Higher Education through Open and Distance Learning

By Keith Harry | Go to book overview

Afterword

Open learning and/or distance education: which one for what purpose?

John Daniel

The preceding chapters in this book illustrate well the rich variety of activity that goes under the name of open and distance learning at the turn of the millennium. What else is left to say?

I fear that the very richness and variety of the projects and institutions described mask a problem. There is a conceptual fuzziness that is endemic in open and distance learning which has a number of origins. Confusion of ends and means is one, the search for simplicity in public policy is another, and enthusiasm for the potential contribution of information technology to education and training is a third. When any domain of human endeavour suddenly becomes fashionable it becomes difficult to sustain a clear and consistent framework for discourse about it. Some appropriate the topical descriptor ‘open learning’ with little concern for whether it really fits their particular activity. Others invent new terms, like ‘distributed learning’ in order to imply that their own approach is a novel form of distance education. In the early 1990s the European Commission introduced the term ‘open distance learning’ for its policies and programmes in this broad field. This expression, or its sister term ‘open and distance learning’, now has wide international currency. The problem with the term is not that it makes light of conceptual rigour but that it can easily mislead people about the educational and social purposes being pursued.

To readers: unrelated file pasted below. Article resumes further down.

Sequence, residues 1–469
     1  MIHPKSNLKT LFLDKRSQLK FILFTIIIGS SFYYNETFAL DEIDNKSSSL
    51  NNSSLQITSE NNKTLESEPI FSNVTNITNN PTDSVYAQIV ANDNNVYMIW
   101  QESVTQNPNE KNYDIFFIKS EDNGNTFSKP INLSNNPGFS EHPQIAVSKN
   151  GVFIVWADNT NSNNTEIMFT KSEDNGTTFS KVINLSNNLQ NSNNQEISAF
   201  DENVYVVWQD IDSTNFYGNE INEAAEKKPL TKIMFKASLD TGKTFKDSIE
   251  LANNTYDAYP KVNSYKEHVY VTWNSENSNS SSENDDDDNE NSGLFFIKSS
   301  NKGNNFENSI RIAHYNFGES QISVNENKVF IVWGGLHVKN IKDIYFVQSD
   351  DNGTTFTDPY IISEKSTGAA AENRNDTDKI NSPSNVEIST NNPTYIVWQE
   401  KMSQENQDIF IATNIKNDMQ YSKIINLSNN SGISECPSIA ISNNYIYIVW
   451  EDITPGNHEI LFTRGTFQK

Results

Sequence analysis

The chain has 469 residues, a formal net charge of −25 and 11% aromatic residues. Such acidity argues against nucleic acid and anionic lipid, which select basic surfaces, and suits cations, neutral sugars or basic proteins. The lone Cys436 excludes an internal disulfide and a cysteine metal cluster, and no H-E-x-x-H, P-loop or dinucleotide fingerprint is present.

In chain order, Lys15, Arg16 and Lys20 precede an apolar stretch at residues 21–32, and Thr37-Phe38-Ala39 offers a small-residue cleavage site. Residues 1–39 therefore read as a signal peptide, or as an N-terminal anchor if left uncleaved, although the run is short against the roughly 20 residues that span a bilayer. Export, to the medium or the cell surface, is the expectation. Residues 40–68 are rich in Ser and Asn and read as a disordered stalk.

The term ‘open learning’ stands for the general aim of opening up education and training more widely. Openness has many dimensions and most projects that describe themselves as open learning concentrate on only a few of them. Two examples demonstrate this. For the UK Open University widening intake through open admission was a key dimension. For New York’s Empire State College opening up the curriculum for students to design their own programme was the principal goal. Distance education, on the other hand, is one means of pursuing some dimensions of openness. In terms of our two examples it allows the Open University to widen its intake to include people wherever they live but contributes less to Empire State College’s goal of letting students shape their own programmes. A simple way to summarise scholarly reflection on these terms is to say that open learning

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